Hey Eric,
Thanks for that… just had my coffee with AAKG, Glycine, and Collagen… AKG as something that he would research after rapamycin- Matt Kaeberlein. I trust him as he is a solid researcher… and defaults to no… he is not much of a maybe guy… if nothing… or questionable results. Will do more reading on current AAKG. I use it for repair and recovery… not to build like the guys who take it pre-work out…I take it post… after. Will see. At least it doesn’t hurt. As Peter Attia says hedging my health bet.

Like your approach to protein. My diet of lots of protein past 7 years… every other day… comes from I like steak… zero calcification in heart arteries… so dumb luck.

Again Matt and Peter really hammer on need for protein. Go to point 1:55:30

Glad you enjoy my N=1… Definitely all is working great at 64… soon to be 65 years - ugh. I think I have made some good guesses. Rapamycin, Acarbose, TRT, oral: Tadalafil, Minoxidil and Finasteride.

Fortunate to have a great GP…General Practioner - who works with me and my insurance on all the above… no issues as long as my physical appearance and blood works shows I am healthy.


Did you read the title?

Acute Ingestion of L-Arginine Alpha-Ketoglutarate Fails To
Improve Muscular Strength and Endurance in ROTC Cadets

Acute dose is a single dose. That is confirmed by the discussion (page 5, 2nd paragraph).

The lack of ergogenic benefits may indicate that chronic use of L-arginine supplementation may be necessary for improved muscular performance. NO has been shown to reduce contractile force in mammalian skeletal muscle, thus a single dose may be inadequate to achieve acute changes in 1RM strength (13). Campbell et al. (3) did observe increased 1RM bench press strength in well-trained participants after 8 weeks of AAKG supplementation (12 g per day).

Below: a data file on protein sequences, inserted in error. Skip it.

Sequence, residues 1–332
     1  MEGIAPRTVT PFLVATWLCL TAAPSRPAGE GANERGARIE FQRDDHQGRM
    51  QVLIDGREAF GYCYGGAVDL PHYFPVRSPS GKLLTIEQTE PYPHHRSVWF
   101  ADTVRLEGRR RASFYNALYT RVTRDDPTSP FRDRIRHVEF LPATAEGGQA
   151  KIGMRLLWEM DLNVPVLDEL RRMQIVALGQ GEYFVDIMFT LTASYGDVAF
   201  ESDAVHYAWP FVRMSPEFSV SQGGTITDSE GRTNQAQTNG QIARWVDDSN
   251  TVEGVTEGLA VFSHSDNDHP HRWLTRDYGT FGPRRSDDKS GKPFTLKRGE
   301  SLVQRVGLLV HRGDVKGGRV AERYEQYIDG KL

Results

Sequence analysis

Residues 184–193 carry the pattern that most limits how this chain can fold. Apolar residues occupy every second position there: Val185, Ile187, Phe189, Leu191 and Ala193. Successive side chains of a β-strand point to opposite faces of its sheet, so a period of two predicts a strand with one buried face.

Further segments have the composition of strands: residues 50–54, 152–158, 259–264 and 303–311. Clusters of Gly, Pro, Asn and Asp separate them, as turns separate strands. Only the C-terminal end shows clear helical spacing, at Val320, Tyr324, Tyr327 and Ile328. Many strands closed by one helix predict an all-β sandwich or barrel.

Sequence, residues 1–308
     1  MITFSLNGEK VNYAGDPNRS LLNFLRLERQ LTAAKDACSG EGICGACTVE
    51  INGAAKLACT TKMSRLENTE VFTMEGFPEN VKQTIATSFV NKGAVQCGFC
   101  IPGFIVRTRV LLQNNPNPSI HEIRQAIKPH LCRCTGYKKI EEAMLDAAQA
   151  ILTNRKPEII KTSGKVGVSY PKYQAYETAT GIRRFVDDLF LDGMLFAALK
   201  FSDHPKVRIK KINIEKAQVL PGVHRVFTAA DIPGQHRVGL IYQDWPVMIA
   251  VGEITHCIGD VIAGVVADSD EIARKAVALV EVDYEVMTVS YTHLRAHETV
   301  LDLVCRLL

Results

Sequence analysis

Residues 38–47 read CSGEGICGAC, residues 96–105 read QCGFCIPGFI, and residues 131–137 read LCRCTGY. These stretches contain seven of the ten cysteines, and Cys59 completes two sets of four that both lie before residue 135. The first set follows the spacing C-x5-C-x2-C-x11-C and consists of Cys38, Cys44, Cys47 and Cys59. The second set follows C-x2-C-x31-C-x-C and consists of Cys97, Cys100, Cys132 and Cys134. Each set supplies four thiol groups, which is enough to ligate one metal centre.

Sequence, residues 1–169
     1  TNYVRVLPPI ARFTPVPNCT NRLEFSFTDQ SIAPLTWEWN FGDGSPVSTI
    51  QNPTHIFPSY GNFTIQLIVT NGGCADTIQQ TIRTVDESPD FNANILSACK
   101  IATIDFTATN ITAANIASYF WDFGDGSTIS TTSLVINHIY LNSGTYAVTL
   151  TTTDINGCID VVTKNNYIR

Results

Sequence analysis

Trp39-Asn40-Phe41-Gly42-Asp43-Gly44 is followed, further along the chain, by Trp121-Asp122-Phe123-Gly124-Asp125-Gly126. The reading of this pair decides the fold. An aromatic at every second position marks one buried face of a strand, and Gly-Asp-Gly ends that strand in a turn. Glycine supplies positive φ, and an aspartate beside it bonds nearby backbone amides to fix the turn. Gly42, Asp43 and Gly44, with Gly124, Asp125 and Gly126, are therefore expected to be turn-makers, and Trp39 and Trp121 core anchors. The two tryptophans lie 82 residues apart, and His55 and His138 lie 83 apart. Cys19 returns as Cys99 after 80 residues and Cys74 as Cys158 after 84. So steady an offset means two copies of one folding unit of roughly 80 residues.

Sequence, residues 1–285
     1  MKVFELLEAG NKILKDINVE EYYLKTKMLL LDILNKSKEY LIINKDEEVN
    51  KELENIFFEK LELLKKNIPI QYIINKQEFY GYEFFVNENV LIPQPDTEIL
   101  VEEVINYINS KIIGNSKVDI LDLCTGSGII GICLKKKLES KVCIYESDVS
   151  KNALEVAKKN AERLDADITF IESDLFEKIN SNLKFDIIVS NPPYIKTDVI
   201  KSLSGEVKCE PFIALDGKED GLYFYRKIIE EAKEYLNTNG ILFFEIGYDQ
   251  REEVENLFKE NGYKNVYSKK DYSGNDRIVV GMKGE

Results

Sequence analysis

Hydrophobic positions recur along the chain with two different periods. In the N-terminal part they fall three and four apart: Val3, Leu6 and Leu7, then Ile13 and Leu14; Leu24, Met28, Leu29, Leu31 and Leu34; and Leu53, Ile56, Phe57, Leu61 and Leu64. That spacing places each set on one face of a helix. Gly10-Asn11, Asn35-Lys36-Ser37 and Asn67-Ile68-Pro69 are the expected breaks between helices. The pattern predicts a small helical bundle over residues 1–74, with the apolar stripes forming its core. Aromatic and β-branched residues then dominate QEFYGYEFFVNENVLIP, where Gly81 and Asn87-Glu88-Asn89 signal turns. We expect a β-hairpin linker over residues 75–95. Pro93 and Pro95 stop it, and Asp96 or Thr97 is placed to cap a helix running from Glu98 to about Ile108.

Further confirmed on page 6, where they referred to the study of Chinese scientists dosing for three day.s

There are also general limitations with this study. First, L-arginine and NO production were not measured in the blood stream, thereby limiting our ability to measure oral AAKG efficacy. Secondly, an acute dose of AAKG may not be sufficient to facilitate an ergogenic effect in normal healthy individuals (10). Liu et al. (9) reported no significant difference in plasma NO2 and NO3 concentrations after orally supplementing ten healthy male athletes with 3000 mg of L-arginine or placebo for 3 days


Thanks, @JuanDaw — I obviously did a bad job of reading. Maybe I missed it but I thought they did this “one time per week” test three times over three weeks, and stand corrected regardless. Plus they were already healthy (and young). And I definitely missed the “ Campbell et al. (3) did observe increased 1RM bench press strength in well-trained participants after 8 weeks of AAKG supplementation (12 g per day).” although that seems a somewhat higher dose than others are taking (again, maybe missed it?). I’d love an increase in bench press strength… I actually attached the paper because it had a large background discussion on many studies that found little for AAKG, not for the specific study they completed.

I’m not making a recommendation for you or others. I know less-than-nothing on AAKG and just looked it up after reading this in the forum (which is why I love this forum: it brings me new topics and possible supplements/drugs to begin research). Nor am I an expert here (obviously, given my misses). But there are a number of other supplements which supposedly positively impact strength training and recovery, many which are well-studied — leucine, glycine, creatine, acetylCoA, glycine, etc. (Workout Supplements | The Nutrition Source | Harvard T.H. Chan School of Public Health as one basic list).